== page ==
The mission of the Law Center is to prevent and end homelessness by serving as the legal arm of the nationwide movement to end homelessness. To achieve its mission, the Law Center pursues three main strategies: impact litigation, policy advocacy, and public education.
The National Security Archive is a research institute on national security matters and a public interest law firm seeking to enhance public access to information regarding national security. The National Security Archive has been involved in a wide range of precedent setting freedom of information law suits and is frequently looked to as an important non-governmental resource on matters relating to access, secrecy, classification, and First Amendment issues.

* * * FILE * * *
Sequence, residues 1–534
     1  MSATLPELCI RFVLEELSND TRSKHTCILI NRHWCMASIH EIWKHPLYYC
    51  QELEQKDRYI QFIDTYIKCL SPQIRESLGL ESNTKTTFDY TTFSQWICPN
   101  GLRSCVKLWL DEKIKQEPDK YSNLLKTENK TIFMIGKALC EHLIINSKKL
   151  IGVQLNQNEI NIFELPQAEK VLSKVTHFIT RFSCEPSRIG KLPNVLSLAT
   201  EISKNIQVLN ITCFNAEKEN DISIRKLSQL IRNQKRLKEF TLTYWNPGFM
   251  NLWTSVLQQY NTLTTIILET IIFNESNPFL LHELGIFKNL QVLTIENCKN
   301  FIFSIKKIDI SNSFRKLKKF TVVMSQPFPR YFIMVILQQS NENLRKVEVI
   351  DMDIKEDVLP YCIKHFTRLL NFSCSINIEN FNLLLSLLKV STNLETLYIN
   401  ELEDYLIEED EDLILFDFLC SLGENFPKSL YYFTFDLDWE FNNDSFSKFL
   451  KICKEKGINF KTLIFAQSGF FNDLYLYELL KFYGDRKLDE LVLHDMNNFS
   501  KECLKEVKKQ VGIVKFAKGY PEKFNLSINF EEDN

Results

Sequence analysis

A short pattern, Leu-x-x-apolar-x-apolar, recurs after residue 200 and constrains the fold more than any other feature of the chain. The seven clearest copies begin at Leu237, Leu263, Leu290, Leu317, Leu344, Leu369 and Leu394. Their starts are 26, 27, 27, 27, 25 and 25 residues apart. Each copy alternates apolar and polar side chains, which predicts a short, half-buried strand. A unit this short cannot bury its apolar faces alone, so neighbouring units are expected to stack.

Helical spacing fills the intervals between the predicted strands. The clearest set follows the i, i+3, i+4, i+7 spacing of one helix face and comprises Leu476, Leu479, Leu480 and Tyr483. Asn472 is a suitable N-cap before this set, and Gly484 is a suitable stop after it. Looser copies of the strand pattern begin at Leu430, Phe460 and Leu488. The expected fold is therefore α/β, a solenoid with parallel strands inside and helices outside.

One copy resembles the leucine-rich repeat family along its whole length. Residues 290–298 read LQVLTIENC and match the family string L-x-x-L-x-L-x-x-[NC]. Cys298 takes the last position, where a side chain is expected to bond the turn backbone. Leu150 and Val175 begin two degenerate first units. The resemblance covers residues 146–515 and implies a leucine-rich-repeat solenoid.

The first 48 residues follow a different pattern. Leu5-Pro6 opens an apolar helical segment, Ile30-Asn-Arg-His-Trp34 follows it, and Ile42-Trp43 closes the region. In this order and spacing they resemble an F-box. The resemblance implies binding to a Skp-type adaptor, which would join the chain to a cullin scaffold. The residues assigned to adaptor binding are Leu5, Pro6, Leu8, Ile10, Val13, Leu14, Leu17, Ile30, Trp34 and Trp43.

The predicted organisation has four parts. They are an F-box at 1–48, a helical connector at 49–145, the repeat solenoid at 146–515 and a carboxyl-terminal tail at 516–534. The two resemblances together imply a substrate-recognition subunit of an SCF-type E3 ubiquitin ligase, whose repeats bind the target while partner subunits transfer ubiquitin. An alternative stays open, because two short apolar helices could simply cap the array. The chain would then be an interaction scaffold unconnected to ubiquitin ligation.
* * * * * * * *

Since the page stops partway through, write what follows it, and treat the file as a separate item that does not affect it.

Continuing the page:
Polaris Project is a leading international organization combating human trafficking and modern-day slavery. Based in the United States and Japan, we bring together community members, survivors, and professionals to fight trafficking and slavery in the spirit of a modern-day Underground Railroad. Polaris Project uses a comprehensive strategy: empowering individual survivors of trafficking while also creating long-term social change.
UNHCR serves as a resource to policymakers in drafting and implementing refugee protection measures consistent with international standards, including through providing comments on proposed legislation and regulations; monitor compliance with international standards of refugee protection; educate government officials, attorneys and non-governmental organizations on international standards for refugee protection.